• The National Institute for Urban School Improvement (NIUSI) supports and encourages inclusive urban communities, schools, and families in building a sustainable, successful urban education system. To this end, NIUSI engages in dialogue, networking, technology, action research, information systems, alliance, and consensus building. At this site, browsers will find an online library, which contains a searchable database pertaining to urban education and inclusive schooling. The library contains annotated references, books, journal articles, descriptions of videos, position papers, project reports, program descriptions, and a variety of other media. Other features include links to e-news, publications, and an urban forum.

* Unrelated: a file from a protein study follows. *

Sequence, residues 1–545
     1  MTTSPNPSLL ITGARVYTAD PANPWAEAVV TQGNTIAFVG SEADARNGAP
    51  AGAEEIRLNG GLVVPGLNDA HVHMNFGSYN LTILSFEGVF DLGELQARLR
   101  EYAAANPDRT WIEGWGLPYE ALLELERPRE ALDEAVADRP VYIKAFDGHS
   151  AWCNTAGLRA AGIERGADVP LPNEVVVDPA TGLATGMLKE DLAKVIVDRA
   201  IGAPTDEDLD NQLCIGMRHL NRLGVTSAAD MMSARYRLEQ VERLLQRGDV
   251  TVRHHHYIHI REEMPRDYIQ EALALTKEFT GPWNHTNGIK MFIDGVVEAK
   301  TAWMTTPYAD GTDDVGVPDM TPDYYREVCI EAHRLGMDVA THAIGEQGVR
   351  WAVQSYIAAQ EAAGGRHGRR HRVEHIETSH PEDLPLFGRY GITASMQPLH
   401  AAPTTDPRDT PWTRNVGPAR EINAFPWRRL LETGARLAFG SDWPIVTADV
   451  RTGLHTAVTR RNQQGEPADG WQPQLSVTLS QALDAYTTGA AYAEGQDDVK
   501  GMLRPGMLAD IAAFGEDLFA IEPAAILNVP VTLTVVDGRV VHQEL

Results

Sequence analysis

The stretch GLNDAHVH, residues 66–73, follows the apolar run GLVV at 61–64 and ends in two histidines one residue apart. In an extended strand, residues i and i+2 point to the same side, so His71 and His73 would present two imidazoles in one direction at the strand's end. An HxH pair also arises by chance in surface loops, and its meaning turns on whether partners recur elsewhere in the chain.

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    B. Housing/Homelessness
  • Community Connections, the Information Center of the U.S. Department of Housing and Urban Development’s (HUD’s) Office of Community Planning and Development (CPD), serves state and local agencies, nonprofit organizations, public interest groups, and others interested in housing and community development. The Center provides its users with copies of program regulations, descriptions of model programs, case studies of affordable housing initiatives, publications on expanding affordable housing opportunities, funding information, training and conference announcements, and referrals to technical assistance providers. Most publications are available free of charge.
  • HandsNet is a national, nonprofit electronic communications network focusing on low-income advocacy issues such as welfare reform, homelessness, health care, housing, hunger, legal services, community development, children and families, HIV/AIDS, and many other poverty-related topics. HandsNet offers timely access to relevant news, legislative analyses, poverty statistics, and key studies.